Statement on Acquittal in the Retrial of the Ashikaga Case
Today, the Utsunomiya District Court acquitted Mr. Toshikazu Sugaya in his retrial.
The decision pointed out the inaccurate result of the original DNA test and the illegality of the interrogations conducted by public prosecutors after Mr. Sugaya’s indictment. It also stated that the confession of Mr. Sugaya was not credible at all and apparently false. Presiding Judge Masaharu Sato apologized to Mr. Sugaya saying “the courts did not adequately listen to Mr. Sugaya’s voice of the truth and deprived him of his freedom for the long period of seventeen and a half years. As a judge heard this case, I deeply apologize to him.” The Presiding Judge also promised that he would keep Mr. Sugaya’s thoughts deeply in his mind.
The Ashikaga case revealed multiple integral problems such as the fact that investigating authorities and the courts could not examine the case properly because they placed too much confidence in the result of the original DNA test and over-depended on Mr. Sugaya’s confessions. The courts’ unscientific attitude to reject retesting DNA for a long time was also problematic.
In order to correct these problems:
- The transparency of interrogations, i.e., visual recording of the entire process of interrogations, is indispensable in order to prevent involuntary or false confessions. It is regrettable, however, that we are still far from its realization. Today’s ruling taught that visual recording of interrogations should be immediately implemented.
- For those who are claiming their innocence, the right to have an immediate and appropriate DNA test conducted on evidential materials which have been properly stored should be guaranteed.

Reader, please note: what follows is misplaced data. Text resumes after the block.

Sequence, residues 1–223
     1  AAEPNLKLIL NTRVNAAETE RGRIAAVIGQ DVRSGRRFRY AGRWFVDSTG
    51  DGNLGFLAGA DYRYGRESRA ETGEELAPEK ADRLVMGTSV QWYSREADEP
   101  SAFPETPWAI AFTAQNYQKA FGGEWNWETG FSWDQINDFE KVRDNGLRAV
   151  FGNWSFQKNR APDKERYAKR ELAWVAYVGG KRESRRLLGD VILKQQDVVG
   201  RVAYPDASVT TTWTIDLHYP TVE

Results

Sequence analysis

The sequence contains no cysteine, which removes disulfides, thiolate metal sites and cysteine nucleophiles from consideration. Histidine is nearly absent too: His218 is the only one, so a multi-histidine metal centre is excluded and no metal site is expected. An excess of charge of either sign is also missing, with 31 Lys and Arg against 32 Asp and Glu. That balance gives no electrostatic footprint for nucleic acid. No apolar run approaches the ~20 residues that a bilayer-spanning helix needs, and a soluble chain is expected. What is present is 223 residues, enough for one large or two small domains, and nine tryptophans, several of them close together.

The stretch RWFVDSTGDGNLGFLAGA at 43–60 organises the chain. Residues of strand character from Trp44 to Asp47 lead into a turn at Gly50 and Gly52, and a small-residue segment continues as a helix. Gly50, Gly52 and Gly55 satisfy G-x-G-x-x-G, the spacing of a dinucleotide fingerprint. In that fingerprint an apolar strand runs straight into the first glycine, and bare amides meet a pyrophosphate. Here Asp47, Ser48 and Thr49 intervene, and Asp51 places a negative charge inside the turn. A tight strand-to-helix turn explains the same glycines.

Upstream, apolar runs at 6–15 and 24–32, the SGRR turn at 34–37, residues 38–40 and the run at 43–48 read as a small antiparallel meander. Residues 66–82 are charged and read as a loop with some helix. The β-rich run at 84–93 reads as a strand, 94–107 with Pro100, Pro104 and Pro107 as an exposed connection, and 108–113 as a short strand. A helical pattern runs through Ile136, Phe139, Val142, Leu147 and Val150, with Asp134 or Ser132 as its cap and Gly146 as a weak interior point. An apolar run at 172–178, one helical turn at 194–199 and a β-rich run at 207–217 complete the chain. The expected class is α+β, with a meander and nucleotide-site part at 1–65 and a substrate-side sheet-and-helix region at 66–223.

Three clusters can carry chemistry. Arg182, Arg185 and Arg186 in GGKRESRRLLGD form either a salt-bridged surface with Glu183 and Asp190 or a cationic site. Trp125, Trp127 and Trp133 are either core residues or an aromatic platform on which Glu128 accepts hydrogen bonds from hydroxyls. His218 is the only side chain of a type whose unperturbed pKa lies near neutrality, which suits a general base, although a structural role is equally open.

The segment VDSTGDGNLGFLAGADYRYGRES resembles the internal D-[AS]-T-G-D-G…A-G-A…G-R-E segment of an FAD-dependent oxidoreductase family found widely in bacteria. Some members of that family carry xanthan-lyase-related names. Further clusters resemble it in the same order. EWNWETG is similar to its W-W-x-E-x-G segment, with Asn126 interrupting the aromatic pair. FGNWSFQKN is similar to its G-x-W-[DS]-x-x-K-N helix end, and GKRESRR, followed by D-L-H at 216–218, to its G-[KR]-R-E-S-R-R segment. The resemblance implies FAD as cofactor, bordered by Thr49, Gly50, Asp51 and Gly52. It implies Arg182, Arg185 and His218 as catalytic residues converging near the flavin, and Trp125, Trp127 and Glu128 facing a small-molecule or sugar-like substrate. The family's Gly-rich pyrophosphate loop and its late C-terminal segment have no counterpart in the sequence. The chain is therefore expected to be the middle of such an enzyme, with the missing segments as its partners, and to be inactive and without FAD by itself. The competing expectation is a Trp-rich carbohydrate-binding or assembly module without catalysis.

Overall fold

- Prior to rendering the decision, the Presiding Judge stated that, “Recognizing the unrepairable miscarriage of justice in this case, I reaffirmed my commitment not to repeat the same error.” Based on this regret of the court, a third-party body should be immediately set up in order to thoroughly investigate the cause behind the miscarriage of justice.
In response to today’s decision, the Japan Federation of Bar Associations (JFBA), as an organization with a pivotal role in the administration of justice, also feels keenly its responsibility for this miscarriage of justice. Contemplating the physical and mental hardships experienced by Mr. Sugaya as he proclaimed his innocence during his unjust detention lasting more than 17 years, we reiterate our commitment to provide the utmost support for those who are suffering from miscarriages of justice.
The JFBA sincerely hopes that Mr. Sugaya who struggled with painful and bitter experiences will lead a peaceful and happy life in the future.
March 26, 2010
Japan Federation of Bar Associations